Latent variable mixture modeling is a technique that is useful to pediatric psychologists who wish to find groupings of individuals who share similar data patterns to determine the extent to which these patterns may relate to variables of interest.
Pathological alcohol use is a complex and costly problem. This chapter focuses on recent developments in the etiology of alcohol use disorders. Literature is reviewed from the fields of epidemiology, genetics, personality, neuropsychology, parenting, and social influences. In addition, theoretical models that describe pathways to the development of alcohol use disorders are presented. Particular emphasis is given to ways in which genetic, environmental, psychopharmacological, and personological literatures can inform one another.
Latent variable mixture modeling is a technique that is useful to pediatric psychologists who wish to find groupings of individuals who share similar longitudinal data patterns to determine the extent to which these patterns may relate to variables of interest.
Aim The aim of this study is to answer the questions: (1) do small organisms disperse farther than large, or vice versa; and (2) does the observed pattern differ for passive and active dispersers? These questions are central to several themes in biogeography (including microbial biogeography), macroecology, metacommunity ecology and conservation biology.Location The meta-analysis was conducted using published data collected worldwide.
MethodsWe collected and analysed 795 data values in the peer-reviewed literature for direct observations of both maximal dispersal distance and mass of the dispersing organisms (e.g. seeds, not trees). Analysed taxa ranged in size from bacteria to whales. We applied macroecology analyses based on null models (using Monte Carlo randomizations) to test patterns relative to specific hypotheses.
ResultsCollected dispersal distance and mass data spanned 9 and 21 orders of magnitude, respectively. Active dispersers dispersed significantly farther ( P < 0.001) and were significantly greater in mass ( P < 0.001) than passive dispersers. Overall, size matters: larger active dispersers attained greater maximum observed dispersal distances than smaller active dispersers. In contrast, passive-disperser distances were random with respect to propagule mass, but not uniformly random, in part due to sparse data available for tiny propagules.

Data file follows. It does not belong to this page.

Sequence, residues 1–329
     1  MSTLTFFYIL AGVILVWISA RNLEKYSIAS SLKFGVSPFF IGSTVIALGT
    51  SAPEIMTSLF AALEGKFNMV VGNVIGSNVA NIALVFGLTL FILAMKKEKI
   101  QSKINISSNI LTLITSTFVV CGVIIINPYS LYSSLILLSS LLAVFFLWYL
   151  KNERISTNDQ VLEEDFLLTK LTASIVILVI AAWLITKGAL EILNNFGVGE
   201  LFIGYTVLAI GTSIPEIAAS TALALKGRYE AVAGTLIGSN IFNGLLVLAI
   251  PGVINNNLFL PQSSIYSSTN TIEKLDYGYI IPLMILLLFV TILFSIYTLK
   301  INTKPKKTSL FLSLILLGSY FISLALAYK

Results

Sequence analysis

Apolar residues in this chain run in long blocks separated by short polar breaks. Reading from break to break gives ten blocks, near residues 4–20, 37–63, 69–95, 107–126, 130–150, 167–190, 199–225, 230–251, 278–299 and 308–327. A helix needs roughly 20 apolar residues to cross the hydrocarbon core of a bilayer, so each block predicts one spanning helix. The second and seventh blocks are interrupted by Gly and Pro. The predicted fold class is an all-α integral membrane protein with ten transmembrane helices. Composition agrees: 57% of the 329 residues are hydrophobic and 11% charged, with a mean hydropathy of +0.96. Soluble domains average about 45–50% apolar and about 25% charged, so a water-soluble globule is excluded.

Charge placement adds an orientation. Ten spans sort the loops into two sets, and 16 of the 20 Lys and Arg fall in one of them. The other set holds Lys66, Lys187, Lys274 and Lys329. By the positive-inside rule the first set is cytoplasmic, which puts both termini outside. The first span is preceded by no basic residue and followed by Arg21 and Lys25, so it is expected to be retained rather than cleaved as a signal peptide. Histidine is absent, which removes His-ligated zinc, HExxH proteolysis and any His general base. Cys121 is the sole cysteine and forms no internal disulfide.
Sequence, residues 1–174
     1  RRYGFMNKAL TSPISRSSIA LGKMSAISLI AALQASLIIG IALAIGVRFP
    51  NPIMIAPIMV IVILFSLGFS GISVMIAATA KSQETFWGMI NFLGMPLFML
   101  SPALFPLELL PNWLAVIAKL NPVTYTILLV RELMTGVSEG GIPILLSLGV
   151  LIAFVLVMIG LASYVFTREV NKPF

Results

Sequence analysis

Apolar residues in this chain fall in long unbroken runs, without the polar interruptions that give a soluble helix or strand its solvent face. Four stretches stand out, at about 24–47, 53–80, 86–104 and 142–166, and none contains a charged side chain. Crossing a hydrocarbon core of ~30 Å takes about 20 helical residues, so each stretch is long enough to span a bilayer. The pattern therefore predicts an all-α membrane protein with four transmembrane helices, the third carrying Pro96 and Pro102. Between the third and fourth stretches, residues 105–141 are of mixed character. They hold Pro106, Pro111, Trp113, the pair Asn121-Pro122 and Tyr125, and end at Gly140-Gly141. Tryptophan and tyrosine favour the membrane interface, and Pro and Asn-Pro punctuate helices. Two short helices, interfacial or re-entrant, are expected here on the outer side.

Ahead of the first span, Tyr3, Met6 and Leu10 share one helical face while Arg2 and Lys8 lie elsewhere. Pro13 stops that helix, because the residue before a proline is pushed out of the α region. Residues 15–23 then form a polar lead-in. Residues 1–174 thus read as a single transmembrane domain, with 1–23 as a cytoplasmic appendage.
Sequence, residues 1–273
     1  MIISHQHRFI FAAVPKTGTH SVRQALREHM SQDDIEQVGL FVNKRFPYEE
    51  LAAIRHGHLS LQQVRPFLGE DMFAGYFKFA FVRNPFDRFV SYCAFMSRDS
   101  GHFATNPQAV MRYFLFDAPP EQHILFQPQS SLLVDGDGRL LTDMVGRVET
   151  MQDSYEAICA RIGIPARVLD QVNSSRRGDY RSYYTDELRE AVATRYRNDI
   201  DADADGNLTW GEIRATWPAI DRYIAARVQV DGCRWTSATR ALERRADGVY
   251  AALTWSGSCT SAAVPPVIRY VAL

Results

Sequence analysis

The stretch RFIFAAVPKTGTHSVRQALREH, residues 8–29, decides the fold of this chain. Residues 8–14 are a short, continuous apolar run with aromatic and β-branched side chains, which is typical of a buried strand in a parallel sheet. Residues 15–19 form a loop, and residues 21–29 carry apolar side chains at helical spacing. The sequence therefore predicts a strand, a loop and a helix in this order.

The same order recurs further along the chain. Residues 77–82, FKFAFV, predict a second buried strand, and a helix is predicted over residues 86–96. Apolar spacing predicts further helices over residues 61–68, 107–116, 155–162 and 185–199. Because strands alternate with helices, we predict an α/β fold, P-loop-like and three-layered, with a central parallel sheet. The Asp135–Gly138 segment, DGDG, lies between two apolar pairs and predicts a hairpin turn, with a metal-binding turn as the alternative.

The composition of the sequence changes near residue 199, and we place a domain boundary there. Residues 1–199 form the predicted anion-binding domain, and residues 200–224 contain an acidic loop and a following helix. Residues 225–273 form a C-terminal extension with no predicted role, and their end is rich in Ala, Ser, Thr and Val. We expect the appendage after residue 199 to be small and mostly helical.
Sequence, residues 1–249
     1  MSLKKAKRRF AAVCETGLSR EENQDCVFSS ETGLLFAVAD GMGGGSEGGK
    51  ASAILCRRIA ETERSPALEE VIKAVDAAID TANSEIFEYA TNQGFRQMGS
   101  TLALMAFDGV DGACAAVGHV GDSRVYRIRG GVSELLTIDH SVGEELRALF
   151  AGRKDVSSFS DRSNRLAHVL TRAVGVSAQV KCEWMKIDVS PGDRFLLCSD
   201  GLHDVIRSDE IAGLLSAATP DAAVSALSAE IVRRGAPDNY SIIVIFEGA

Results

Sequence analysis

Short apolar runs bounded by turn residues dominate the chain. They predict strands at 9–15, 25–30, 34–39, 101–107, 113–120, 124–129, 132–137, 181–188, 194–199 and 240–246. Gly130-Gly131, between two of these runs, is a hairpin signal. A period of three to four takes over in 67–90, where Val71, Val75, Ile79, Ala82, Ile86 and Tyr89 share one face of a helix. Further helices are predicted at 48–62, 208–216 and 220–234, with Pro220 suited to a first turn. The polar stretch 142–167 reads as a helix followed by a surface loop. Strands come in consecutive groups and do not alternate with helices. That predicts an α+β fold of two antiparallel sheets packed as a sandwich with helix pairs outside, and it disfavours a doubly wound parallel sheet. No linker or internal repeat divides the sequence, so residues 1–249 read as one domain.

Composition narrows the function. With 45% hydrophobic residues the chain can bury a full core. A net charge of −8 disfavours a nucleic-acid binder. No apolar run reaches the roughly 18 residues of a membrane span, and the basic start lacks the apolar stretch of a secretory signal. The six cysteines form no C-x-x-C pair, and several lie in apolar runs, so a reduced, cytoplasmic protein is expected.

ConclusionsSize is important to maximal dispersal distance for active dispersers, but not for passive dispersers. Claims that microbes disperse widely cannot be tested by current data based on direct observations of dispersal: indirect approaches will need to be applied. Distance-mass relationships should contribute to a resolution of neutral and niche-based metacommunity theories by helping scale expectations for dispersal limitation. Also, distance-mass relationships should inform analyses of latitudinal species richness and conservation biology topics such as fragmentation, umbrella species and taxonomic homogenization.
This study examined the role of demographic characteristics, psychological factors, and family functioning on attendance in a randomized controlled trial of a family-based pediatric obesity program.
Participants included 155 children between the ages of 4 and 7 years (M age = 5.77, 57.4% female, 73.6% African-American, M BMI = 25.5) and their primary caregivers who were randomized to the treatment group. Three groups of participants were created based on their patterns of attendance during the program: 1) noncompleters, 2) partial completers, and 3) completers.
Results indicated no differences among the attendance groups in child gender, child BMI, or child psychological functioning. Significant group differences were found with respect to race/ethnicity, parent marital status, and family income, such that noncompleters were more likely to be racial/ethnic minorities, to living in single parent households, and to have lower incomes than partial completers and completers. After controlling for the effects these socio-demographic risk factors, noncompleters and partial completers reported more family dysfunction characterized by high levels of disengagement than completers.
Adapting existing weight management programs to include a focus on family engagement in the early stages of treatment may help to improve participation in family-based obesity interventions targeting high risk, socio-economically disadvantaged youth.
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